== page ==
In the famous Mandal case (Indra Sawhney v. Union of India 1992), the scope and extent of Article 16(4), which provides for reservation of jobs in favour of backward classes, has been examined thoroughly by the Supreme Court.
Though the Court has rejected the additional reservation of 10% for poorer sections of higher castes, it upheld the constitutional validity of 27% reservation for the OBCs with certain conditions, viz,
• The advanced sections among the OBCs (the creamy layer) should be excluded from the list of beneficiaries of reservation.
• No reservation in promotions; reservation should be confined to initial appointments only. Any existing reservation in promotions can continue for five years only (i.e., upto 1997).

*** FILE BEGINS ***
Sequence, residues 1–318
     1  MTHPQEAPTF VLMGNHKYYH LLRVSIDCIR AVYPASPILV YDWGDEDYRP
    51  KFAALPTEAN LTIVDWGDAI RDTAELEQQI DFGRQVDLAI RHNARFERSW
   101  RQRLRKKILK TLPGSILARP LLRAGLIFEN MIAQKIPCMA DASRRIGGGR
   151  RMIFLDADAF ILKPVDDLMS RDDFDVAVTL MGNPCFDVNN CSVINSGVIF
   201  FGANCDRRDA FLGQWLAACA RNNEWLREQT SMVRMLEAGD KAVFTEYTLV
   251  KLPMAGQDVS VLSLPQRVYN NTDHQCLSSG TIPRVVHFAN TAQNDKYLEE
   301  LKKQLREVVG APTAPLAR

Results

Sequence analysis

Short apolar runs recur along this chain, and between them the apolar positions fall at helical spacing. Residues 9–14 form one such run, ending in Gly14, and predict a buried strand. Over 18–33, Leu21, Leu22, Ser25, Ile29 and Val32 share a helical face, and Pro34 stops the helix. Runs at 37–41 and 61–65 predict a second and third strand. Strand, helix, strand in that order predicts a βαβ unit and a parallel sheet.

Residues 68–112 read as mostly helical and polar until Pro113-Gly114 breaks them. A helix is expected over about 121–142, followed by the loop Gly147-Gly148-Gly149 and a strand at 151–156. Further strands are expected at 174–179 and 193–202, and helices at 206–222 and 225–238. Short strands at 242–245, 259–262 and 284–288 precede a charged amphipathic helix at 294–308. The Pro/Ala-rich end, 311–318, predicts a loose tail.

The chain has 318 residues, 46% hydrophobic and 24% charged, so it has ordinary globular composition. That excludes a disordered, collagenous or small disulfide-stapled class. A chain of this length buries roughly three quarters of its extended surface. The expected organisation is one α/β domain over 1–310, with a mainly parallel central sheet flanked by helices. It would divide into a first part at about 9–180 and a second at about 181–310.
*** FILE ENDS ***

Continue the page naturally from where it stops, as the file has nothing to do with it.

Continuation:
• The total reserved quota should not exceed 50% except in some extraordinary situations. This rule should be applied every year.
• The ‘carry forward rule’ in case of unfilled (backlog) vacancies is valid. But it should not violate 50% rule.
• A permanent statutory body should be established to examine complaints of over-inclusion and under-inclusion in the list of OBCs.